Now comes a second temptation in verse 5. “Then the devil taketh Him up to the Holy City (that is Jerusalem), and setteth Him on the pinnacle of the temple.” Here He’s going to deal with the believer’s relationship to the Word. What has Jesus Christ done? He has answered the first temptation by quoting Scripture and bringing doctrine. Satan says, “OK. Let’s talk about the Bible.” So he takes him up on the high point of the temple and puts him at the edge of the temple over the Kedron valley which is about a 600-foot drop, and then he proceeds to quote Scripture to him. He quotes from the Old Testament. Here we have the word “then” again, the next thing in the chronological sequence. He takes him up and puts Him next to himself. This is “paralambano” in the Greek which means “alongside of.” Satan’s standing right there next to Jesus Christ up there on the pinnacle. The wind is blowing and you can see the whole city of Jerusalem and all the countryside, and you look down, and 600 feet is a long way down.

When you fly an airplane, you come in at 800 feet in the landing pattern, and that looks awfully high.

600 feet. Now what does he tell Jesus to do? He says, “If thou be the Son of God,” again first-class condition here in verse six, “Since you are the Son of God, just through yourself over. Jump into the valley below. It’s aorist—do it now. Active—by your own volition. And it’s imperative—a command of Satan. And Satan quotes Psalm 91:11-12, “He shall give His angels charge concerning thee, and in their hands they shall bear thee up lest that any time thou shalt dash thy foot against a stone.” “Charge” means He shall give His angels a command, and what the command here is that in the person of the Messiah, the angels will catch Him and protect Him from death.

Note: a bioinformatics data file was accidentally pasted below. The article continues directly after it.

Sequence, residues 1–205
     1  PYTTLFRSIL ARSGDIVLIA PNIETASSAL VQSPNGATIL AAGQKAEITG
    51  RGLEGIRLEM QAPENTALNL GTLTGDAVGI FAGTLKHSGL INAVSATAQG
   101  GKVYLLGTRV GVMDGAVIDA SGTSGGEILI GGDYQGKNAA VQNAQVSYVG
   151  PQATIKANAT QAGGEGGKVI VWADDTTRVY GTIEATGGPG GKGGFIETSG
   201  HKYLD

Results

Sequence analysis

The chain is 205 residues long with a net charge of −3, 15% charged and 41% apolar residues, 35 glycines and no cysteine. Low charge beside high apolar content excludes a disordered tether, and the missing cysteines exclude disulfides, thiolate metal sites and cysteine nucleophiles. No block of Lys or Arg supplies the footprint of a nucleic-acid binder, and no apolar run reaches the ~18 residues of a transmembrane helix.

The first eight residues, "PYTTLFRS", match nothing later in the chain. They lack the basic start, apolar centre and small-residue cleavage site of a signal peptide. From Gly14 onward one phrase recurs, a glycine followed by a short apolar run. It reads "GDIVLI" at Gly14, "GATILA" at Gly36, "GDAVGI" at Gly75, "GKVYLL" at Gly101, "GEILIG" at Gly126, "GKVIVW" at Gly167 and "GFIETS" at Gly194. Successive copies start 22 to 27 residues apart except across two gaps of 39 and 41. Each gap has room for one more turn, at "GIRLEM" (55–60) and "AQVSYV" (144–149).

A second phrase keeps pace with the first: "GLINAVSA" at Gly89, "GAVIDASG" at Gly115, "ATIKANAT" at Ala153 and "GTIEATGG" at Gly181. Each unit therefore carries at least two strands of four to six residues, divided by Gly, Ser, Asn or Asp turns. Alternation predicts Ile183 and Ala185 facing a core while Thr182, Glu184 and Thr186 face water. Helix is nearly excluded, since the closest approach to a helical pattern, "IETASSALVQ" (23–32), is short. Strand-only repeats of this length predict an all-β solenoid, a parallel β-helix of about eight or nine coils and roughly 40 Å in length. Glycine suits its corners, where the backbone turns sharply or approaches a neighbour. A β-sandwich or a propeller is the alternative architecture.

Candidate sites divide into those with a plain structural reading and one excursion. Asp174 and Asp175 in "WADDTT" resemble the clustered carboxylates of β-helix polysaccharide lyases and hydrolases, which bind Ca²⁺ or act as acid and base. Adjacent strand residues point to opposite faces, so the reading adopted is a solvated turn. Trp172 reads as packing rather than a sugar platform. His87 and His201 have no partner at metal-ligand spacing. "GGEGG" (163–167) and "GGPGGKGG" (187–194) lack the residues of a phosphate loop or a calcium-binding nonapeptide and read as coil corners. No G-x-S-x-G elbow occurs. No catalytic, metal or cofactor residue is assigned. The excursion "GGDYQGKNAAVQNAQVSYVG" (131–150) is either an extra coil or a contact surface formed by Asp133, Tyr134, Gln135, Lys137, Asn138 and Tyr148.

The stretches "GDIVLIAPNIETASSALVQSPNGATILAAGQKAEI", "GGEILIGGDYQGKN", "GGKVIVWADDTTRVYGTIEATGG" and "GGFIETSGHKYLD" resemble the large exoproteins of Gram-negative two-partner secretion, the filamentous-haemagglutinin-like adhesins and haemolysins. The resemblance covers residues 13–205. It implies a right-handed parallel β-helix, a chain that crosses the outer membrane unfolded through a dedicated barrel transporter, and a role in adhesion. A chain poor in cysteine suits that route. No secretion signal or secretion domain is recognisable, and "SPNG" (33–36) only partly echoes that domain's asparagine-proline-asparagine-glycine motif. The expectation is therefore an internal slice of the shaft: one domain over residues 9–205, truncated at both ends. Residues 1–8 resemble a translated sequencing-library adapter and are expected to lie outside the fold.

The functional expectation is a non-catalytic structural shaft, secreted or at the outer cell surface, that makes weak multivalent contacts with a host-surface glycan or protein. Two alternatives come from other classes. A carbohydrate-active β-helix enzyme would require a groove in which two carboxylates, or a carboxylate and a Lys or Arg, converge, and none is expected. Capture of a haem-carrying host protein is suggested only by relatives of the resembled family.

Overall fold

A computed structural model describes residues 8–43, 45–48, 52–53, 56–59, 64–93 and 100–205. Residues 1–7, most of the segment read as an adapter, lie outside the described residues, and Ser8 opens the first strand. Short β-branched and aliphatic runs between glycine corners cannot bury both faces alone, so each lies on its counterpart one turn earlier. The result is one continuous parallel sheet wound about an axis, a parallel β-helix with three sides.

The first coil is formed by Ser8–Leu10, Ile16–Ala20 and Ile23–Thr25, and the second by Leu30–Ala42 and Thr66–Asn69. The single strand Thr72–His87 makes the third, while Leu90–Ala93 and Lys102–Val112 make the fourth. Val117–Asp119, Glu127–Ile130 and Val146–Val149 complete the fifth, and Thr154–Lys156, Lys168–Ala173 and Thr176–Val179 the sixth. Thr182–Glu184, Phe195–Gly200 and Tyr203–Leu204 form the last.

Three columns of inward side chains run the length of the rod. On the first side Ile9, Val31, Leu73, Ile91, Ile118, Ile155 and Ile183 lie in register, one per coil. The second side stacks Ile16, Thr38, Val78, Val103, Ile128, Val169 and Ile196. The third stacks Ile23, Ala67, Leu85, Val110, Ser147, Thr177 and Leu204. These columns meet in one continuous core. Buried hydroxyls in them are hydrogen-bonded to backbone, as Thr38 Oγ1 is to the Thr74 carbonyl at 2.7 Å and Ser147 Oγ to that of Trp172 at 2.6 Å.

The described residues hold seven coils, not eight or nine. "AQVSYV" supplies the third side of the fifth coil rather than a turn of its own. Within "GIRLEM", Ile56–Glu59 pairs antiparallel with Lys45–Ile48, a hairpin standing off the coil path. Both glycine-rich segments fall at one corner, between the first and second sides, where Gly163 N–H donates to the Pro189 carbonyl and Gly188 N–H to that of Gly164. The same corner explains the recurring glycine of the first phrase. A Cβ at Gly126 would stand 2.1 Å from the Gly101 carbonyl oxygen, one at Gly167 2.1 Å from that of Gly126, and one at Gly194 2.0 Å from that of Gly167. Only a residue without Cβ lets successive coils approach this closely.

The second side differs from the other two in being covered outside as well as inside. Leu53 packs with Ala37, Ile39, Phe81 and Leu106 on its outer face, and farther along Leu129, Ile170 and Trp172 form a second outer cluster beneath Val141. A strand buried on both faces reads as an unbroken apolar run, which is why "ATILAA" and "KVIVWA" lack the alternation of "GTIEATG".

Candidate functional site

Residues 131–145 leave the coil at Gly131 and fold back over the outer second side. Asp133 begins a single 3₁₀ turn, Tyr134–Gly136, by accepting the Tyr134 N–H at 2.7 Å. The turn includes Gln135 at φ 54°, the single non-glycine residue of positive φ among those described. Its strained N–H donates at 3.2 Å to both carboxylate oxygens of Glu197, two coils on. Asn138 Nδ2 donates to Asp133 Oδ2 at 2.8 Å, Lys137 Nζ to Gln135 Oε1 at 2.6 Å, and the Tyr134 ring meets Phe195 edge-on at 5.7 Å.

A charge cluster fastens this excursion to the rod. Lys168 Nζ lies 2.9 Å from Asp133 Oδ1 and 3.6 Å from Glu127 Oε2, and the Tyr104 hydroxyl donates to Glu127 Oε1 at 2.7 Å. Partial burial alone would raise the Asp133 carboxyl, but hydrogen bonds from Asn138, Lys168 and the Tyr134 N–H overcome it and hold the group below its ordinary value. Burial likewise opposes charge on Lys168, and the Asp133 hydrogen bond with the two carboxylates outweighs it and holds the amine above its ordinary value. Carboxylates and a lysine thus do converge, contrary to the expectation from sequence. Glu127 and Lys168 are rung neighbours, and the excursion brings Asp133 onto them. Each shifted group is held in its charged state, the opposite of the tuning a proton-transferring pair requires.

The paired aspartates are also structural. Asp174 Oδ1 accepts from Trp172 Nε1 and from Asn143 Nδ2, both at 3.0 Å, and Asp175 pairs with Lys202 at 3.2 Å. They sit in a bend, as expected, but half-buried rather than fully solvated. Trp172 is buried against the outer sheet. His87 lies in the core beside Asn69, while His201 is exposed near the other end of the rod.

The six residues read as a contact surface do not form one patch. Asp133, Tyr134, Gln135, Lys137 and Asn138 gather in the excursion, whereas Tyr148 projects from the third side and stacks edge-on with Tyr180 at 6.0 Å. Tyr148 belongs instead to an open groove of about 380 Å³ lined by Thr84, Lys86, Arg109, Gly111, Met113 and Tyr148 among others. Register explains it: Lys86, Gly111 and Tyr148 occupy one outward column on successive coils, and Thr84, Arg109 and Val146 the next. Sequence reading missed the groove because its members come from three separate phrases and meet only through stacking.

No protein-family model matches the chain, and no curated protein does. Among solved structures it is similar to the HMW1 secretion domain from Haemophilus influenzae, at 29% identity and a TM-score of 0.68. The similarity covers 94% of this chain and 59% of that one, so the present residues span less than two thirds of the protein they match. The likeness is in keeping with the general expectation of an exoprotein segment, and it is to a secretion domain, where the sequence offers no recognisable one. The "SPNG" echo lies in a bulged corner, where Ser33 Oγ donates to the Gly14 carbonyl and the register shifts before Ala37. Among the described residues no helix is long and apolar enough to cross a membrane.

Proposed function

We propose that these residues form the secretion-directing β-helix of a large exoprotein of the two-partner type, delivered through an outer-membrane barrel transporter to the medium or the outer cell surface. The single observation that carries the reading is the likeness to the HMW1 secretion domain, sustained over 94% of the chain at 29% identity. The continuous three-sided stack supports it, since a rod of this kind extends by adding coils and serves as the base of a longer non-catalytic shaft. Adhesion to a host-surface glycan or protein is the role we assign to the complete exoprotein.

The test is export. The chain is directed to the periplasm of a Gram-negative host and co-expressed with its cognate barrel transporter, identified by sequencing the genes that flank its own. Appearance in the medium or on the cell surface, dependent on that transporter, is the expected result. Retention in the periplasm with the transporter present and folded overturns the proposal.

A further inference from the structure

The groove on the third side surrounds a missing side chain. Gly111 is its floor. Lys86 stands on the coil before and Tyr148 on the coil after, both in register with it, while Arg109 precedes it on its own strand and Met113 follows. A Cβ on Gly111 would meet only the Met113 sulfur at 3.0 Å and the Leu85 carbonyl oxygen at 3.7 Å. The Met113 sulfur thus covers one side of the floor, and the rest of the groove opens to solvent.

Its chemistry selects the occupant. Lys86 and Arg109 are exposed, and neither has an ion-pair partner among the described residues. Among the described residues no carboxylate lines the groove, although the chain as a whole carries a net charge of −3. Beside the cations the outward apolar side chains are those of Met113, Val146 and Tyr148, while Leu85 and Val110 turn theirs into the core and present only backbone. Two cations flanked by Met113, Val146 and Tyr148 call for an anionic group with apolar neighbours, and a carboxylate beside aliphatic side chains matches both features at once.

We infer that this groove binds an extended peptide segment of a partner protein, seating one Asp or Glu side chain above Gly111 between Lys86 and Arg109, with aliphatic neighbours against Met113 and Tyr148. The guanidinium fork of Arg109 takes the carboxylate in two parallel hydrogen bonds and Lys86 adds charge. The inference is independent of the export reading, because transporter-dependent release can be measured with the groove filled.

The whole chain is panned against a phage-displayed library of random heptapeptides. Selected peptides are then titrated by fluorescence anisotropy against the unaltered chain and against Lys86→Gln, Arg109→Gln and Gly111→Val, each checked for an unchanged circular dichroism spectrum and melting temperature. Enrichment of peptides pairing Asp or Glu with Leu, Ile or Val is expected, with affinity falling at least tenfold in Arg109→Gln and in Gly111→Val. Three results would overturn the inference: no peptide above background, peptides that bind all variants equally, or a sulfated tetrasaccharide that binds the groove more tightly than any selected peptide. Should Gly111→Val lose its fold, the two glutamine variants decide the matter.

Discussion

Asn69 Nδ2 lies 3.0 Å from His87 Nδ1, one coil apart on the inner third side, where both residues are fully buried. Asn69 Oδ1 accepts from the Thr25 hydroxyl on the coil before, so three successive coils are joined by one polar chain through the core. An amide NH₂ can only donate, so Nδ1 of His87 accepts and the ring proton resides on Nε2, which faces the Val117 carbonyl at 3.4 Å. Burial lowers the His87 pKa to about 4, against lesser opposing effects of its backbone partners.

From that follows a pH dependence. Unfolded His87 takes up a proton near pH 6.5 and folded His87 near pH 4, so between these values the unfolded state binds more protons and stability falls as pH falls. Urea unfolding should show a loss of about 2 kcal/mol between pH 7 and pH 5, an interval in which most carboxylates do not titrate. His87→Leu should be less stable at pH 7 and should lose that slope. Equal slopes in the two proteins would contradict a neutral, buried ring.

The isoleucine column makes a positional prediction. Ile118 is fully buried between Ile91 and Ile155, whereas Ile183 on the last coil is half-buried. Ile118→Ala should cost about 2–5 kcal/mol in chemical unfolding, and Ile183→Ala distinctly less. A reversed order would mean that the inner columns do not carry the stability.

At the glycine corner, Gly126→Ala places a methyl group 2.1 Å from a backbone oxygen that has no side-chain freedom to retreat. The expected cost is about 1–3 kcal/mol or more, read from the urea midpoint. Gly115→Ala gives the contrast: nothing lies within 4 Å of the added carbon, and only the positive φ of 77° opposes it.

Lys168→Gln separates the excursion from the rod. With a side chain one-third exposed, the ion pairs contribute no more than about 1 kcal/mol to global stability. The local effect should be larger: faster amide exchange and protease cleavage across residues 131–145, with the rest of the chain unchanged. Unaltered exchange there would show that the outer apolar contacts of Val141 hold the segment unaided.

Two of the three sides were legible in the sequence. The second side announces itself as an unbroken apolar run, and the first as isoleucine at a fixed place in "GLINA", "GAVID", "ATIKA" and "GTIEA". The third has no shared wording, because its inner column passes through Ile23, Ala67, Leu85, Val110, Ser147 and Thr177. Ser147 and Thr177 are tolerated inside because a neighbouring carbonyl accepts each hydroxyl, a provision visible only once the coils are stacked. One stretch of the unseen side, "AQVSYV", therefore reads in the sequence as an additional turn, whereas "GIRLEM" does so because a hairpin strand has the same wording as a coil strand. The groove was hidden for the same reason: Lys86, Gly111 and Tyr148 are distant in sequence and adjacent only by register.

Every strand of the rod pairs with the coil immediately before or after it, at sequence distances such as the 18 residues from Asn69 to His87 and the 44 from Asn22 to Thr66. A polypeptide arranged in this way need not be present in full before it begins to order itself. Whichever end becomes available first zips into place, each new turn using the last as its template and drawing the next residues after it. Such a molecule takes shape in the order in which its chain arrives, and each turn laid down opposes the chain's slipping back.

Now the verses in Psalm do not contain the words “at any time.” Here is a subtle insertion of Satan. God did not say “At any time” He would do this, because God says He will do this at the time when the Messiah is acting in positive volition. Now suppose that Jesus Christ in His humanity looked down and said, “Yes, that’s what the Bible says, and I’ll just do that,” and He had just jumped over the edge. They would have been scraping of the body of the God-man off the floor of the canyon. He would have committed suicide. Which is exactly what Satan was trying to get Him to do. Because if he could have gotten Him to commit suicide at that point, that’s the end of Project Footstool. There would have been no way for salvation to be provided. It was a very clever and a very brilliant plan.